The next Apple Watch? Latest patents describe a limb-detecting circular device

Apple Watch Series 2
Julian Chokkattu/Digital Trends
There is no denying the Apple Watch is an impressive feat of engineering. It’s waterproof, for instance, tracks your heart rate and location, and more. But if recent filings from the U.S. Patent and Trademark Office are any indication, the forthcoming version will be even more capable.

One patent describes “limb detection,” or a future Apple Watch’s ability to detect the appendage it is wrapped around — think a soccer-tracking app that measures each kick of your leg, for instance, or a fitness mode that records pull-ups. Apple proposes an algorithmic solution. Data from “position sensing devices” like accelerometers, gyroscopes, and magnetometers could be offloaded to a “processing device” — a phone, for example — that would suss out a wearer’s limb position and recognize the arm or leg wearing the watch.

A second patent, titled “Electronic device having display with curved edges,” describes an Apple Watch with a circular body. “Pixel arrays often have rectangular shapes,” Apple engineers noted in the patent. “However, rectangular pixel arrays will not fit efficiently within a device having a circular shape. Circular displays can have bottleneck regions in which signal lines become crowded, leading to bottleneck regions in which signal lines become crowded, leading to inefficient use of display area. It would therefore be desirable to be able to provide improved displays such as circular displays or displays with curved edges.”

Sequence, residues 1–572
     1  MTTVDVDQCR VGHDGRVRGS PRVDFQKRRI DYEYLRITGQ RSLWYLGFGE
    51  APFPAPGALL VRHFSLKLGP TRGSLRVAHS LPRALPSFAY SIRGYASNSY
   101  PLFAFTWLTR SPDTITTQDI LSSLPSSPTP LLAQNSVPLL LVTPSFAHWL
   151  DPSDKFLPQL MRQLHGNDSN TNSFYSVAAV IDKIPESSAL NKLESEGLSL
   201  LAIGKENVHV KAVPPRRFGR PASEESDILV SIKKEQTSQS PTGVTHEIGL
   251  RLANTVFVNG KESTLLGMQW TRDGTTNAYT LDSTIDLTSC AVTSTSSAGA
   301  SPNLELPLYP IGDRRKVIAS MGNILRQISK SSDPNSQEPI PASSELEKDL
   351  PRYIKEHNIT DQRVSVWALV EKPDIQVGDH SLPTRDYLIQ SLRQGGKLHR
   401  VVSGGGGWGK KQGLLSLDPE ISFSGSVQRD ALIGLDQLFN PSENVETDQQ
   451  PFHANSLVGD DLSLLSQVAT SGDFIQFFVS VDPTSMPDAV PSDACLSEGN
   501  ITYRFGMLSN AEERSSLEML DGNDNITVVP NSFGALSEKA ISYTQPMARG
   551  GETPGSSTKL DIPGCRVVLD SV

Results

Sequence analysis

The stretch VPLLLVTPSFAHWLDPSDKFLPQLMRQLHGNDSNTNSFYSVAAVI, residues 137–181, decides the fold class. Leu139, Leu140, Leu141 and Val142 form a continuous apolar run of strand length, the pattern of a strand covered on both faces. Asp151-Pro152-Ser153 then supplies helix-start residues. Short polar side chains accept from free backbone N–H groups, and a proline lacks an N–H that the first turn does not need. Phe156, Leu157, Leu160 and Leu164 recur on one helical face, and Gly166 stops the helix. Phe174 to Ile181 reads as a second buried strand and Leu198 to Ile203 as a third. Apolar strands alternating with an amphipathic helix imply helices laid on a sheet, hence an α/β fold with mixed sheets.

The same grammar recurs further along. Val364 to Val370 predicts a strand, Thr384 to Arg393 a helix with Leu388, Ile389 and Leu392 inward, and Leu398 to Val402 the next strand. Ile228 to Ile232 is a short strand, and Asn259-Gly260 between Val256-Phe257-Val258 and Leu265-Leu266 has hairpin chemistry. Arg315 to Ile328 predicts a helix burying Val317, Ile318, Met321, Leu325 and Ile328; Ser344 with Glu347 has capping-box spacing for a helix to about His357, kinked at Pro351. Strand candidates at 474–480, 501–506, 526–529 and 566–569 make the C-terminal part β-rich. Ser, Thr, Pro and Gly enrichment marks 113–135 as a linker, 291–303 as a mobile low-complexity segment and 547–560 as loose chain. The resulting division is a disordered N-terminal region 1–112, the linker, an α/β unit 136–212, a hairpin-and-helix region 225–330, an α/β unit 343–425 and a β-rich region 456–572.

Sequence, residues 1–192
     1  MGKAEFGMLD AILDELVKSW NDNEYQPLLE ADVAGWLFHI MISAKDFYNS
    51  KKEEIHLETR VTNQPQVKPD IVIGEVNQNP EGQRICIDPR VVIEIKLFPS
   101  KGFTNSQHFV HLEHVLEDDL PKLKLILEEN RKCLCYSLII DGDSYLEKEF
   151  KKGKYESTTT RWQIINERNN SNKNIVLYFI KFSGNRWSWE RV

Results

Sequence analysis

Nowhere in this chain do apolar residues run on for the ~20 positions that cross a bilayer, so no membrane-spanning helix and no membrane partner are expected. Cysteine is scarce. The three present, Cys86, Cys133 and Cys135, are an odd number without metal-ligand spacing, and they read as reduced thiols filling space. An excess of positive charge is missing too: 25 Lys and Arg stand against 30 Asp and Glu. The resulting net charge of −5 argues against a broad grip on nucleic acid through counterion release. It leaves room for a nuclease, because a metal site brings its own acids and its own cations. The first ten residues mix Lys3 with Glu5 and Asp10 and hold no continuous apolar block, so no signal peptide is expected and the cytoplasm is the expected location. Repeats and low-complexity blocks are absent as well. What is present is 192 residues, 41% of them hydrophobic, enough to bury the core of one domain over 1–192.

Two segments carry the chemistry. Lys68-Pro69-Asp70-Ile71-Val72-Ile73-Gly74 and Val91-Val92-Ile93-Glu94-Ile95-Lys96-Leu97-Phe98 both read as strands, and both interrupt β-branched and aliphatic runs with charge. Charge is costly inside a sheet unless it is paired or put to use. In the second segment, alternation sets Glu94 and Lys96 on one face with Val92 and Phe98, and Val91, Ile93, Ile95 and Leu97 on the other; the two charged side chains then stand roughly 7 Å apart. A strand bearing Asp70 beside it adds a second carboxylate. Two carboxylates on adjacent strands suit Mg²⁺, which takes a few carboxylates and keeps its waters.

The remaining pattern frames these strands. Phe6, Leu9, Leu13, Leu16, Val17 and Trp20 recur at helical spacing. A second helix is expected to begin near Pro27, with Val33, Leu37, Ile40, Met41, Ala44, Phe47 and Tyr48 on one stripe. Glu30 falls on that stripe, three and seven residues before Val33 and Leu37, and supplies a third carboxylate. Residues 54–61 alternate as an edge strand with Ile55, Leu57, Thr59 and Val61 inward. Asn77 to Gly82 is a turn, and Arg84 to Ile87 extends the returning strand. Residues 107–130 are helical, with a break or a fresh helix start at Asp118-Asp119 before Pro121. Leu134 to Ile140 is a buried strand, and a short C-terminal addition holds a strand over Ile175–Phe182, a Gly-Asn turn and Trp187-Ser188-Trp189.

Apple would not be the first out of the gate with a circular smartwatch. Companies like LG, Motorola, Huawei, Samsung, and others have long since beaten the Cupertino, California-based company to the punch. But Apple describes a solution a bit different from what its competitors have adopted — a display that sits in a frame surrounded by an inactive border concealing circuitry, sensors, and other hardware. Pixels would be arranged in columns and rows of different lengths to accommodate the frame’s circular shape, and the electronic lines of the gate driver — the silicon component that powers the watch’s display — would overlap and criss-cross to save space.

Apple has been reluctant to adopt a circular design so far, citing usability concerns. “When a huge part of the function is lists, a circle just doesn’t make any sense,” company design guru Jony Ive famously told The New Yorker last year. But declining smartwatch sales may nudge it to reconsider. While Apple held a steady lead in the wearable market in 2016, competitors like Garmin, Samsung, and Lenovo encroached on its share. According to a report from research firm IDC, Apple shipped just 1.1 million of its Apple Watches in the second quarter of this year compared with 3.9 million a year earlier — a 72 percent decline.

Smartwatch shipments were down overall. Consumers bought 51.6 percent fewer wearable devices in the third quarter, or 2.7 million. Apple nabbed 41 percent of all sales, down from 41 percent in the third quarter of 2015.

Patents are not a great indicator of products to come, of course. But given that limb-tracking and circular wearables are well within the realm of possibility, they have a better chance than most.

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